Mung beans – Native to India, these little green beans have become a big part of the Chinese diet. Energetically, mung beans are cool and sweet. They nourish and drain excess from the Gall Bladder, Liver, Heart and Stomach. Very detoxifying, we use mung beans to treat excess patterns like Summer Heat, high blood pressure and to clear out heavy metals. They also clear the arteries and help lower cholesterol. Avoid mung beans if you are chronically tired, fatigued have heavy watery diarrhea or are chronically cold. Combine with barley for a complete protein.
Lentils and peas – Lentils are members of the pea family and native to India. They are high in calcium, magnesium, phosphorus, sulfur, vitamin A. The grow easily, don’t need to be presoaked to cook and are the easiest legume to digest. Great starting point if you are new to legumes. They are good to eat with wheat or peas to make them a complete protein. Lentils are neutral and sweet. They nourish the Heart, Kidneys, Spleen and Stomach. Safe for excess and deficiency conditions. They stimulate the adrenals and increase vitality. Combine with wheat berries for a full protein profile.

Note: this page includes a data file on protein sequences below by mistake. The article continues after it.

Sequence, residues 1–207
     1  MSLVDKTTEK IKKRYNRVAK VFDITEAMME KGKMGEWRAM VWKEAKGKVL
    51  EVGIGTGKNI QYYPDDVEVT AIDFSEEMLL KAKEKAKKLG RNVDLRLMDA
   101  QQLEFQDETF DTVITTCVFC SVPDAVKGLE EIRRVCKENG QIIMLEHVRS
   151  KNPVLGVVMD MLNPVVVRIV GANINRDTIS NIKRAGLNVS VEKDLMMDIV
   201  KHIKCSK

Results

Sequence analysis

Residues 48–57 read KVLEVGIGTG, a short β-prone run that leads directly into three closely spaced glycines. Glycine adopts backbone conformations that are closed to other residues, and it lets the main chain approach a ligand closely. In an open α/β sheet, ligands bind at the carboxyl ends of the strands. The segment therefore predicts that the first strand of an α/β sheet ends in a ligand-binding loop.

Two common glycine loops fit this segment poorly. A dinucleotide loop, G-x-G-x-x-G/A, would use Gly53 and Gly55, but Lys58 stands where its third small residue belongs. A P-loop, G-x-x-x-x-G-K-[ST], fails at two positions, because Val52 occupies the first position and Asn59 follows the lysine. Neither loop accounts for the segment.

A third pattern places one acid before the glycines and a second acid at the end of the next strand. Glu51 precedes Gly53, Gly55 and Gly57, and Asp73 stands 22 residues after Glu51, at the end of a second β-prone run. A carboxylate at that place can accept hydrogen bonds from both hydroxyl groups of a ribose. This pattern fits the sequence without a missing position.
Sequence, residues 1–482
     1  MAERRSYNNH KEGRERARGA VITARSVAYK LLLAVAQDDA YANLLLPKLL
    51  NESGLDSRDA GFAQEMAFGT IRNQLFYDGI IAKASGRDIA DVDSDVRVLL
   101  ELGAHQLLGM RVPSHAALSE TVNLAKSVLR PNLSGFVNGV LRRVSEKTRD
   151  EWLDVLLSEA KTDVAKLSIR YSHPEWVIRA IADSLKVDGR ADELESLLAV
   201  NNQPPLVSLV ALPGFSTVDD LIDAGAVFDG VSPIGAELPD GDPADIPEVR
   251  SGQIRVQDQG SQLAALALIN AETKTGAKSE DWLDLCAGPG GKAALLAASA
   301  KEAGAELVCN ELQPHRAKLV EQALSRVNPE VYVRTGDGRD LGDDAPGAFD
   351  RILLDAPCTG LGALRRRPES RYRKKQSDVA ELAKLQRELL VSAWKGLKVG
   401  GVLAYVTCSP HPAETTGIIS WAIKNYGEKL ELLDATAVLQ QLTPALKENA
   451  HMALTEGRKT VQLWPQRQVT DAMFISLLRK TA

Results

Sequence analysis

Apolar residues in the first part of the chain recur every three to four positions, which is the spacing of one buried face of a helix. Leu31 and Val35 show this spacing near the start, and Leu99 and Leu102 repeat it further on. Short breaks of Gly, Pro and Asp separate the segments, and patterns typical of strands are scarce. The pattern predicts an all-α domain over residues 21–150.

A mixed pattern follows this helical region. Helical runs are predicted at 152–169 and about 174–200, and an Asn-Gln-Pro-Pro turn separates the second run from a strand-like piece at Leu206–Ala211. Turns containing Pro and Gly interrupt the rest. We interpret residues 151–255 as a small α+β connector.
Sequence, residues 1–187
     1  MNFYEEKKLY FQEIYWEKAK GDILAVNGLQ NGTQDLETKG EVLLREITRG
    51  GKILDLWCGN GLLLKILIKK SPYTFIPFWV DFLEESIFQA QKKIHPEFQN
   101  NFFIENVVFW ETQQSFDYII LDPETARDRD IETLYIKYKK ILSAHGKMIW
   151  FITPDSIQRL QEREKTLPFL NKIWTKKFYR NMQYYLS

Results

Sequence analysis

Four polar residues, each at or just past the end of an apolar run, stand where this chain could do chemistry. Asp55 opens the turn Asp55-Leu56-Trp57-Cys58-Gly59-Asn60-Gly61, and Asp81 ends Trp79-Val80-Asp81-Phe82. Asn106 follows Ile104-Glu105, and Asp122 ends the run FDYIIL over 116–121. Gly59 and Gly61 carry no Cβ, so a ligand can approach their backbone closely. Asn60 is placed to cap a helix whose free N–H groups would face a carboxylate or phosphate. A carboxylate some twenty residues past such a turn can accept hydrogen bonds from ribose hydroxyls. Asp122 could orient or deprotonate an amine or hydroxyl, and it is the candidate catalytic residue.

Black beans – Black beans are used heavily in Spanish and Mexican cuisine. Native to Spain, these beans are packed with nutrition but are very low in lysine. Black beans energetically are warm and sweet. They nourish the Kidneys and Spleen are used for treating Kidney disharmonies, backaches, reproductive issues, weak ankles and knees, and hot flashes. Whole grain rice (no Uncle Ben’s) which is naturally high in lysine is the perfect match for black beans.
Garbanzo beans or chickpeas – Used in Middle Eastern and Basque cooking, chick peas take a little longer to cook. They are very high in calcium, iron and vitamin A and potassium. Chickpeas are the stars in recipes like baba ganouj, falafel and hummus. Chickpeas are sweet and neutral. They nourish the Heart, Stomach and Spleen and pair with rice. They are a good source of unsaturated fats. Craving hummus now?
With a little creativity, lentils and legumes can become a healthy welcome habit in your diet.